COMMENTARY

Neutral Trial, Positive Spin: PROTECTED TAVR

John M. Mandrola, MD

Disclosures

September 23, 2022

The debris-catching cerebral embolic protection (CEP) device should reduce stroke. It actually stops large debris from entering the brain's circulation after transcatheter aortic valve replacement (TAVR). We know this because we can see the debris that would have infarcted brain tissue.

A neutral observer might argue that there is no need to study this device against no protection. TAVR cannot be done without creating north-flowing debris; most post-TAVR MRI brain scans document defects consistent with emboli. Why would you leave patients unprotected?

Proponents of equipoise would point to the low stroke rates in recent TAVR trials in low-risk patients (3.4% in EVOLUT and <1% in PARTNER 3). They would also cite the fact that a previous trial of the same cerebral protection device (Sentinel, Boston Scientific) vs standard care found no difference in the primary endpoint of reduction of new lesion volume on MRI scans or improvement in neurocognitive function. Although the device did safely capture embolic debris in nearly all patients.

The PROTECTED TAVR Trial

PROTECTED TAVR randomly assigned 3000 patients to TAVR with or without embolic protection. The primary endpoint was stroke within 72 hours of the procedure or before discharge.

Stroke after TAVR occurred in 34 patients (2.3%) in the CEP arm vs 43 patients (2.9%) in the control arm. This difference of 9 strokes did not come close to reaching the accepted threshold of statistical significance.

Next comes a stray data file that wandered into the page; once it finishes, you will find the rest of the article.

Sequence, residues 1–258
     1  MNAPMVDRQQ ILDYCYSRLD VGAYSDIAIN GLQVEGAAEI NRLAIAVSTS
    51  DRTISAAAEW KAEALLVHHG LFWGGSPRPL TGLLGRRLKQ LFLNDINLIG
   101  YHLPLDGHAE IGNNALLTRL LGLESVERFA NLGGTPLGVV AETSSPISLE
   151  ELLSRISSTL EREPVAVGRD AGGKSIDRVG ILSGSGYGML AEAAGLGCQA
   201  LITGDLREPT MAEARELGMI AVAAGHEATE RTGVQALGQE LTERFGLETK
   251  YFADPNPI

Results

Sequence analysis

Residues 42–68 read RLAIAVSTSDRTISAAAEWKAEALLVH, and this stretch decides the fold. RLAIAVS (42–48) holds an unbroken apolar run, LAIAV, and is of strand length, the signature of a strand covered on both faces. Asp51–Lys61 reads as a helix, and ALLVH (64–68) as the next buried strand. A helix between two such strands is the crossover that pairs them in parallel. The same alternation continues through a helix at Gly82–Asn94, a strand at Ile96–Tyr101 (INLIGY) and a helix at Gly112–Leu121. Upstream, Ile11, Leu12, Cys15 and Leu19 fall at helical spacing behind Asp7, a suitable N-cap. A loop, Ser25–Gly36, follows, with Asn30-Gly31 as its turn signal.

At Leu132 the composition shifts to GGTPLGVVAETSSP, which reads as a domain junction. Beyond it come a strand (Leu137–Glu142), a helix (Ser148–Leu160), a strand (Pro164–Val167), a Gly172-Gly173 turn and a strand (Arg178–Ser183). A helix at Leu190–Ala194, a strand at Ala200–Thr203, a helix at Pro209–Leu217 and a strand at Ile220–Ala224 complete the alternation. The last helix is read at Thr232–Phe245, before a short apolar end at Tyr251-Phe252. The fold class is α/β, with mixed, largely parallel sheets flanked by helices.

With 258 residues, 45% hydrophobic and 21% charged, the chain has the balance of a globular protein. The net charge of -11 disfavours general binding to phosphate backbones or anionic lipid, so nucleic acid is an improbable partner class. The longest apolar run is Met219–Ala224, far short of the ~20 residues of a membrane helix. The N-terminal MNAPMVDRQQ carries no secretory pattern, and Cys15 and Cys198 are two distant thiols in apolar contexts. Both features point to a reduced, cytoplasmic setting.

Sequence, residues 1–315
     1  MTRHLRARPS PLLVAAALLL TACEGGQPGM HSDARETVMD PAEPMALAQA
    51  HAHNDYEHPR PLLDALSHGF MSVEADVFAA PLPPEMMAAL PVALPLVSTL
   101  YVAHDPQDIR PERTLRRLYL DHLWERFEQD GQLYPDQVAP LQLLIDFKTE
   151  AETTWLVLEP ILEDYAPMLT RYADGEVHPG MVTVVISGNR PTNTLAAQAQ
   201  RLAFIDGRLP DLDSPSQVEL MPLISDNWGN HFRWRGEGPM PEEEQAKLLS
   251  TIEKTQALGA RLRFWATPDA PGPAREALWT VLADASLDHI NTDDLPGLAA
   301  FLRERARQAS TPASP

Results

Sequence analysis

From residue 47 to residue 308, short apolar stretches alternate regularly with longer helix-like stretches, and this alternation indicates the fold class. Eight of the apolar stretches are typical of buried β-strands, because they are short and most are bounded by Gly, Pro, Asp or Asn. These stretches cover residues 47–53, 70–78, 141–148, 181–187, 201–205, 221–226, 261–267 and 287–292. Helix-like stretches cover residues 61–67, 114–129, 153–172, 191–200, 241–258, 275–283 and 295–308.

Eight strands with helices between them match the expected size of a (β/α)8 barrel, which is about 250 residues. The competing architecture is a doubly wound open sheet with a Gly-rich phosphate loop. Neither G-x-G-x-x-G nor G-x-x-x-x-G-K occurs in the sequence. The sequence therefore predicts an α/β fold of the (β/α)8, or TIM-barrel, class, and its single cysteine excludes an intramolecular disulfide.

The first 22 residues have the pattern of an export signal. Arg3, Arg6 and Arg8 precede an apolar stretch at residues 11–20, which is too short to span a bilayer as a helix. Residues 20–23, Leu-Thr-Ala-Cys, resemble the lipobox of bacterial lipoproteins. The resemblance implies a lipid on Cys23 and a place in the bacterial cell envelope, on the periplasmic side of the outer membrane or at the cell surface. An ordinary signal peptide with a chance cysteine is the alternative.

In the New England Journal of Medicine (NEJM) paper, the authors report the difference in stroke rates as –0.6%, with a 95% confidence interval of –1.7 to 0.5 and a P value of .30.

At the Transcatheter Cardiovascular Therapeutics (TCT) 2022 conference presentation, and in the NEJM paper, the authors focused on the secondary endpoint of disabling stroke—1 of 15 prespecified secondary endpoints. Disabling stroke occurred in 8 patients (0.5%) in the CEP arm vs 20 patients (1.3%) in the control arm. The 0.8–percentage point lower risk had a 95% CI ranging from –1.5  to –0.1 percentage points and thus met statistical significance (because the CI did not cross 1.0).

The authors and trial discussants made the point that the device is more likely to catch larger debris, and larger debris tends to cause larger areas of brain infarction. The signal of lower rates of disabling stroke, therefore, has biologic plausibility.

The conclusion paragraph in NEJM also made news (emphasis mine).

Among patients with aortic stenosis undergoing transfemoral TAVR, the use of CEP did not have a significant effect on the incidence of periprocedural stroke, but on the basis of the 95% confidence interval around this outcome, the results may not rule out a benefit of CEP during TAVR.

Stroke Size vs Stroke Location

I have three areas of concern in this trial's interpretation.

The first is the primary endpoint. When planning PROTECTED TAVR, the investigators believed that a 2–percentage point reduction in stroke would be a clinically important difference.

The observed 0.6–percentage point absolute risk reduction in the trial, along with the 95% CI that only went to 1.7 percentage points essentially excludes that 2–percentage point  reduction. You might argue that had the trial recruited more patients, they may have passed the 2–percentage point  threshold, but we don't know that. The CI also includes a risk of harm, so more recruited patients may have pushed the endpoint in that direction.

The P value of .30 for the primary endpoint is remarkable. This means that if you assume CEP has no benefit (the null hypothesis), and you repeated this trial numerous times, you would see these results nearly 1 in 3 times. In other words, these results are not at all surprising given the assumption of no benefit.

A second area of concern is the emphasis on the secondary endpoint of disabling stroke.